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Centers for Disease Control and Prevention

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Each Monday, The Coronavirus Files provides tips and resources and highlight exemplary work to help you with your reporting.
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In 2014, hundreds of Rhode Islanders died from accidental drug overdoses. For those who inject the drugs, there’s another risk: hepatitis C. In the final story in Kristin Gourlay’s “At the Crossroads” series, we meet a team of outreach workers determined to find new infections before it’s too late.

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Two California gun buyback programs try crowdsourcing to fund their operations. Does getting firearms off the street in this manner really reduce gun violence?

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Community members are invited to attend Valley Fever Research Day Saturday at the UCSF Fresno Center for Medical Education and Research. The event is an opportunity for researchers to connect with community members who have been impacted by the fungal disease.

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Researchers enlisted local pharmacies in the Bronx and Manhattan to offer free rapid HIV testing to any interested passerby. The disease thrives in some of the most impoverished parts of major cities in the United States with many people not even knowing they are infected.

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Dr. Andrew Kolodny, the chief medical officer for the Phoenix House discusses evidence-based addiction treatment and the risk of addiction among patients treated with opioids.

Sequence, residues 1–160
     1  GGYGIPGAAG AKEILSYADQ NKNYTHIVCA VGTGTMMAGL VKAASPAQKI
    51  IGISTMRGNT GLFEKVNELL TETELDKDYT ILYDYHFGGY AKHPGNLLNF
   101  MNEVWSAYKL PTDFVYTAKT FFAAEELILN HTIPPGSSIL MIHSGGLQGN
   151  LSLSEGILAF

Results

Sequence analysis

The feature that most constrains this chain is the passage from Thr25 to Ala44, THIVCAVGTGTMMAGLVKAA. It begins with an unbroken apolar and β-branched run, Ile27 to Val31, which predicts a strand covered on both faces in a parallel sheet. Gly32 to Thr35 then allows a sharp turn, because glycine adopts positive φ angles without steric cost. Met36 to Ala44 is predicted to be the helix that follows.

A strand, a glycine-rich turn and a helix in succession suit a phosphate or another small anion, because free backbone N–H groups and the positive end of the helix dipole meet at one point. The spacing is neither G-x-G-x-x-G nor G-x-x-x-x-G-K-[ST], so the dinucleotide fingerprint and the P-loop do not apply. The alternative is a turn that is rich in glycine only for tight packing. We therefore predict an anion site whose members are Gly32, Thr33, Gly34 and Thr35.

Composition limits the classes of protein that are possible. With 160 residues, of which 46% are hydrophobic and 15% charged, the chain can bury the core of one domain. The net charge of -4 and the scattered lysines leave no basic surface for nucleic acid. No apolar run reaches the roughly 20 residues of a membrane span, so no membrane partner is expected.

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Many questions about valley fever remained unanswered Tuesday as public health officials, physicians and politicians finished a two-day symposium on the disease, but many were hopeful that the summit will be a turning point.

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Certainty is often unattainable in medical care. It’s something my friends who are physicians and scientists live and breathe every day, but patients expect certainty from science.

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Health reporters aren’t accustomed to having positive news to report on the childhood obesity front, but the recent CDC report has both good and bad news.

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The site of the most significant childhood cancer cluster on national record can shed light on why epidemiology and other scientific inquiries into environmental health problems rarely secure regulatory change or care for those impacted.

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U.S. children and teens have struggled with increasing rates of depression, anxiety and suicidal behavior for much of the past decade. Join us as we explore the systemic causes and policy failures that have accelerated the crisis and its inequitable impact, as well as promising community-driven approaches and evidence-based practices. The webinar will provide fresh ideas for reporting on the mental health of youth and investigating the systems and services. Sign-up here!

The USC Center for Health Journalism at the Annenberg School for Communication and Journalism is seeking two Engagement Editors and a social media consultant to join its team. Learn more about the positions and apply.

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